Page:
I'll be uploading user scenarios tomorrow. Stay tuned!

Update #3

Hi team! I've posted some user scenarios. I'm looking forward to your feedback.

Update #4

The prototype testing is trickling in. I've attached a response from a University student I know. I'll continue to upload data as it comes in. I've also added a rough implementation plan to outline all of the ideas we've had and see how they might fit into a timeline.

Update #5

I've created a short video prototype to communicate a potential user path of a high school student. The video is above.


Update #6

 Hi team! 

I have been doing some further research into planning and strategy for grassroots campaigns, so we can put together a plan for implementation over the course of the next few months. I found an online toolkit that I think could be very informative on civilrights.org – http://civilrights.org/action_center/toolkit/

I also have a request out to someone in my network that specializes in PAC and grassroots campaigning. If anyone has any additional resources or if the reading above sparks any ideas, please share them in the comments section.

In the meantime, I have also reached out to a few community organizations and contacts to find more test groups. Unfortunately, the responses have been slow. Does anyone in the community have any contacts that might be interested in testing the prototype kit?

Does anyone have any feedback to share from a prototype testing session? 

I've listed the links that all of you have posted over the course of the project below, and categorized them according to how they may fit into the developing plan. If you have any further thoughts on this, or would like to add more resources, please let me know!

 Update #7

I've been giving some thought to the potential of this campaign over the next few months and our target age group. While the campaign has the potential to reach a very wide age range over time, for the purposes of initiating the campaign and building momentum, I believe it is in our best interests to focus on a smaller demographic and then expand. My instinct is to focus on older students 17/18+ to start as University students have a more pressing need to improve their financial literacy, have more life experience to understand the benefits, and have a greater capacity for self-motivation. As the concept is grassroots, I think it's important to focus on engaging the most easily motivated crowd first to build that metaphorical army and create self perpetuating energy around the idea. Once older students are engaged, it opens up the potential for informal and formal mentoring of younger students. By focusing our efforts on one age group in the beginning and concentrating our energy on a more specific target, I believe we can get the campaign off the ground and initiate a snowball effect that will expand into younger (and older) age groups. I've listed a link to a study on Financial Literacy and Motivation to our list that discusses some interesting points on this subject.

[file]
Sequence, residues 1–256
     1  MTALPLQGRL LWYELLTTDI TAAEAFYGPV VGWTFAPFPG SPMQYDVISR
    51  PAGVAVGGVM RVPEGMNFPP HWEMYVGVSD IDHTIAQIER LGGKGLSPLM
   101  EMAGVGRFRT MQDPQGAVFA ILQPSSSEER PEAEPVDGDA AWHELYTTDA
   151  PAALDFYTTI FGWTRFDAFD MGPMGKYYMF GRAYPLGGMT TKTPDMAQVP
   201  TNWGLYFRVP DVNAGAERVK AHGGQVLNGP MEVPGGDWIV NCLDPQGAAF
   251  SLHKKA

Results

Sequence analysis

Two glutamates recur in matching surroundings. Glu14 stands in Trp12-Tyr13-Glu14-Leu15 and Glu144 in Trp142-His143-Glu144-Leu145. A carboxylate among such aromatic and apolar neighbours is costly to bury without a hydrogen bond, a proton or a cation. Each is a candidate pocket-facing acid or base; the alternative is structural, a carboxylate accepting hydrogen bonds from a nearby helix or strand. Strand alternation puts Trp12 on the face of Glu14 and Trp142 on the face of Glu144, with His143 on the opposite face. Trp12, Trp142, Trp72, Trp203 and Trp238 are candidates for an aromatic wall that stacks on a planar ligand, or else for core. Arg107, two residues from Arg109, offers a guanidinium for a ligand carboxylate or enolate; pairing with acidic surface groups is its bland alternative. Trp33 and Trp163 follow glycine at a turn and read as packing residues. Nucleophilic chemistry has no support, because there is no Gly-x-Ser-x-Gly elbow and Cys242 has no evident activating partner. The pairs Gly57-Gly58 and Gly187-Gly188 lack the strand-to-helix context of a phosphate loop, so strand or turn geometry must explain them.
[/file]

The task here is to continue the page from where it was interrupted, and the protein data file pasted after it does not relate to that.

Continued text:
That said, with the school year ending. As Bettina pointed out below, it is proving to be a difficult time to engage students. My thought is that the best time for further prototyping will be in the late Summer/ Fall as there is the opportunity to catch the students before class loads become heavy. That's not to say we may not be able to find small groups throughout the summer, but we'll need to think about who and how. Also, it's important that these  groups use the kit and answer the questions, then leave feedback on the experience. We need to be able to examine the experience from multiple angles. 

So, what are your thoughts? Where can we reach University students over the summer? Do you foresee any negative consequences on focusing on a smaller target for the campaign initiation? What Universities can we reach out to for the Fall? 


Update #8 – Measuring Success

I had a very brief email exchange with a campaign specialist, and her first question was: What do you want them to do?

I think there are multiple answers to that, overall, we want them to achieve financial literacy and make good choices. We also want them to talk about it openly without fear of shame or stigma. 

Ways to measure conversation & buzz:

1. Social Media pages (Who is signed up, reading, reposting, liking, what are the comments? etc.)

2. Web site analytics (how many audio recordings are being sent in, how many signed up for blog, how many participants in contests, etc.)

3. Audio recordings (who are they interviewing? are families being engaged?)


Ways to measure impact on financial literacy:

1. Track referrals to local financial literacy programs

2. Partner with other programs and gather information on the results of our referrals (for example, Financial Peace measures money saved and debts paid...how many of those dollars are from our referrals?)

3. Anonymous online surveys (For example, we can intermittently collect our member's credit scores, and personal debt, compare them to national averages for our target audience and track progress overtime.)

As always, I'd love to hear your thoughts and ideas.


Links:

Campaign Planning & Strategy

Civil Rights Tool Kit

Mountain Goats Software


Possible Partner Resources

Trevor's Library Research


Target User Resources

Junior Achievement Survey

New York Times: Let's Talk Frankly About Sex

Motivation and Financial Literacy

Financial Programs & Apps

Financial Peace

Real Money. Real World.

Society of Grown Ups


Inspiration

Candy Chang, Before I Die

Me/You Health

Play Moolah


Ryan’s Class Videos:

https://vimeo.com/124532959

https://vimeo.com/124532884

https://vimeo.com/124532513